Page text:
Jurriaan Molenaar Dutch, b. 1968


Jurriaan Molenaar (*1968) paints architecture: residential boulevards, industrial areas, banks and offices. Often empty spaces that offer a view to even more emptiness. A clear fascination can be recognized for the work of architects such as Le Corbusier, Mies van der Rohe and their interaction with the relationship between inside and outside. For Molenaar, establishing connections between these two elements is essential. To achieve his goal, he uses sober, muted colors, labyrinthine perspectives, razor-sharp lines and an almost invisible brush.


He himself calls his way of painting "constructed realism", with no other storyline missing. He says: "In my 'buildings' the 'visitor' is given the silence and space as a gift. Architecture is not much more than walls and holes. But a wall has a double psychological charge: it insulates you and also offers protection. With a hole it's just like that: you can peek through it, but can also be looked at. I want to show all of that in my work. "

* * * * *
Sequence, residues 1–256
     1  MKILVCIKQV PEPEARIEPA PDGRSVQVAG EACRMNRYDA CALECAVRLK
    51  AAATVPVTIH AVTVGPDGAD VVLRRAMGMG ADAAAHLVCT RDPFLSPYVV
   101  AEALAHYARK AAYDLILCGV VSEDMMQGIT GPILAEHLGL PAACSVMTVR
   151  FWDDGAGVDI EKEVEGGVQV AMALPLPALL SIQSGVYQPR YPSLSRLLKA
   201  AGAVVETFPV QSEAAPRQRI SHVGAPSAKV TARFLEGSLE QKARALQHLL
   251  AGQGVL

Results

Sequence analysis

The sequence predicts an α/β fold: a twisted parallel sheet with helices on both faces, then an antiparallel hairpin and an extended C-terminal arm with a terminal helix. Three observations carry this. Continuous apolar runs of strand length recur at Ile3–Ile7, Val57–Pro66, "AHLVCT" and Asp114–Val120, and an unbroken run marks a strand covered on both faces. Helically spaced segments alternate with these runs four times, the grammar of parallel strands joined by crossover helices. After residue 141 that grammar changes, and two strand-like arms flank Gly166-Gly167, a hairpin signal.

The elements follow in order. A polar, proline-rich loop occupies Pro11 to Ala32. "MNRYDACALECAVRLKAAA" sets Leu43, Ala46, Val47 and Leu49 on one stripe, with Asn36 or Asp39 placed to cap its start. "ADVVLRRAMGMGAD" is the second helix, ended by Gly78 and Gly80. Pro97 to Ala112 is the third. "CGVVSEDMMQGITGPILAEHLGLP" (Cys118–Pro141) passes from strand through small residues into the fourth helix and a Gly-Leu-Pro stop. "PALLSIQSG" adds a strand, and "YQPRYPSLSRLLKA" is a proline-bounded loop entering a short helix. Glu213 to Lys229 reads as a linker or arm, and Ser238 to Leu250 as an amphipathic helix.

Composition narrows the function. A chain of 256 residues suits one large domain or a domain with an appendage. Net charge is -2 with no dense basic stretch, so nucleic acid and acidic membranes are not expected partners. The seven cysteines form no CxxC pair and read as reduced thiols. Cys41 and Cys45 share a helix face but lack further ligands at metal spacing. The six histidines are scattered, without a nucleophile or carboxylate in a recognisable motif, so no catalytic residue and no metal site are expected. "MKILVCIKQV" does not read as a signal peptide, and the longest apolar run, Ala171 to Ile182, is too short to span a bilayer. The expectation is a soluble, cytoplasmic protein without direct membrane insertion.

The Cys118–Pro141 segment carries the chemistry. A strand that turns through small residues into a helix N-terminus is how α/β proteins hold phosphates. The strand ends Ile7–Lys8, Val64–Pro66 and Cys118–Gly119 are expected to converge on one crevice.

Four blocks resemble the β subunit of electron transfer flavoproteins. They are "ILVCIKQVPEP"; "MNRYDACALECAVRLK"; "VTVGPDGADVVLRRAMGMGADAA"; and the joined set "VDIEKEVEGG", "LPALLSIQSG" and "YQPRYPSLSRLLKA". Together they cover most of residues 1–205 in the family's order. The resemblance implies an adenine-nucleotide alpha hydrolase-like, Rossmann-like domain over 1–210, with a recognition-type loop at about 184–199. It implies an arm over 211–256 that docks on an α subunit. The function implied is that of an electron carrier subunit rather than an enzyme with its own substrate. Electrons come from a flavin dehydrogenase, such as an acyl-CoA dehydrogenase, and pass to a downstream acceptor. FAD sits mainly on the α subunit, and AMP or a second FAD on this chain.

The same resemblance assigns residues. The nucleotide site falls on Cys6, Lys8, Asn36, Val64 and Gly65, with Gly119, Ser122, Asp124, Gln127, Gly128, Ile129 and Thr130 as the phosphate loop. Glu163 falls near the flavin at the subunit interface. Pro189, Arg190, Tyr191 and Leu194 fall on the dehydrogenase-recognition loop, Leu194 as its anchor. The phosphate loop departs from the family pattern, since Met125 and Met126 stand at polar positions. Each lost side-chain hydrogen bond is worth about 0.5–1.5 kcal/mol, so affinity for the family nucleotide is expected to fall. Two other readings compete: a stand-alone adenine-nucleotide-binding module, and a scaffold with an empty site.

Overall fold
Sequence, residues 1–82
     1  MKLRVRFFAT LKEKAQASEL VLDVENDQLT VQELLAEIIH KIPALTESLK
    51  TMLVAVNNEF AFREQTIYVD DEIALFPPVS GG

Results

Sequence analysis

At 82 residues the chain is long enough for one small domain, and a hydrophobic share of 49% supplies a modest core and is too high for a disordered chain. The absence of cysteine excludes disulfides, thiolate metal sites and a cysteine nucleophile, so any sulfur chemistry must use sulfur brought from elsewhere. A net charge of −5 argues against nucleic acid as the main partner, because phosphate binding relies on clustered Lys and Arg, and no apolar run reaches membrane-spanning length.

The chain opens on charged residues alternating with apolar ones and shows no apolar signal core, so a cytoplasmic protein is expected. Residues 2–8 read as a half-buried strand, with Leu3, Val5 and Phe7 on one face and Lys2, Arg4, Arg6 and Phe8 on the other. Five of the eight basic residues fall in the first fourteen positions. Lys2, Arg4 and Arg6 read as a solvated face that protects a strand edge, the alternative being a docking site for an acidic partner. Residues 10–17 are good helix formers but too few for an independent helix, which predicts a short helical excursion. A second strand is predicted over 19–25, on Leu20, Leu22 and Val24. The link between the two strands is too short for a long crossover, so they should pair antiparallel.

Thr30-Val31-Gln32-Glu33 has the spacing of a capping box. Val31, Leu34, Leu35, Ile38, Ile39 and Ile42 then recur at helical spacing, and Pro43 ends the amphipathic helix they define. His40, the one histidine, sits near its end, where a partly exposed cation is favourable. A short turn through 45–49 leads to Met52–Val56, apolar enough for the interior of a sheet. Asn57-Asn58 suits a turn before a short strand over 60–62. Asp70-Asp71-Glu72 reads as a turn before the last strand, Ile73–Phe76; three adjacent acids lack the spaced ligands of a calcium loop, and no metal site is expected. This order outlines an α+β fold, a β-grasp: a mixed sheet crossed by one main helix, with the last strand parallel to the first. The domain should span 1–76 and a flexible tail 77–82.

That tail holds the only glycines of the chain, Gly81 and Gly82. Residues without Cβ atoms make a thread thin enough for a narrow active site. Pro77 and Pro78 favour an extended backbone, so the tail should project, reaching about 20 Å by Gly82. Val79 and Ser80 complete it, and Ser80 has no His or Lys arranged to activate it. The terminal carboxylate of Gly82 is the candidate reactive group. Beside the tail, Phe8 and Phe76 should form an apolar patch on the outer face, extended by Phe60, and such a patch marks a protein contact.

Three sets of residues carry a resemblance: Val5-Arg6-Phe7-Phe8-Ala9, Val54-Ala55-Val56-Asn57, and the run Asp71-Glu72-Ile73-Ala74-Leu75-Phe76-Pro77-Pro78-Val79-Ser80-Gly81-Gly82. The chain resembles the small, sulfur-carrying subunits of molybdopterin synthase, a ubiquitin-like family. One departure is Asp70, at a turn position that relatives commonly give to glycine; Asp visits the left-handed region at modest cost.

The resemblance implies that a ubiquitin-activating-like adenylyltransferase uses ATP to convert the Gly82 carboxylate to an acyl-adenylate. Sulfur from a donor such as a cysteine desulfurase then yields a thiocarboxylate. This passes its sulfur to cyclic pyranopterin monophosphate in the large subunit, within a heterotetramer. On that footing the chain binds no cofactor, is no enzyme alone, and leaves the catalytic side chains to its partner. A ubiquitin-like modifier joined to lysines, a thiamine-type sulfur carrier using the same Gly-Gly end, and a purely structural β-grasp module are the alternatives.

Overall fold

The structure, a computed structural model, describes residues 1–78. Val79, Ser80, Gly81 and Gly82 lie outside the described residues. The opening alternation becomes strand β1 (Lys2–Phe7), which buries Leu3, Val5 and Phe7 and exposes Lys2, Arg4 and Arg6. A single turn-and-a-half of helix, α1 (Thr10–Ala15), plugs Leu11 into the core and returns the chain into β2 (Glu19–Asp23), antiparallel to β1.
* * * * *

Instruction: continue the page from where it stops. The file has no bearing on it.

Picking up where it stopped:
The studio of Jurriaan Molenaar is extremely neat, the walls clean and straight, his large worktable tidy. On the floor are hundreds of pots of pigment, a sea of colour almost incongruous in this austere 'architecture studio'. Line, light and space define the image in the paintings of Jurriaan Molenaar.


This 'science-man' has mastered the laws of perspective and geometry down to the finest details. Windows in a wall, a swimming pool, an open door. They are like tests in traditional geometry with the complication of different vanishing points. Molenaar looks for leeway in the geometry, leeway in the perspective and the vanishing points, without, however, violating these. At first sight very realistically represented, further insight reveals that there is nevertheless a slight torsion in the shape of the swimming pool and the aspect of the window in the wall is almost implausible; leeway in what seems real. In Molenaar's paintings colours are restrained and monochrome. In order to suggest depth or light he uses no changes of tone or colour. The areas of colour are, however, painted with extreme precision, and also remarkable sensitivity. And this is where the warmth lies, the poetry, for the contemplative viewer.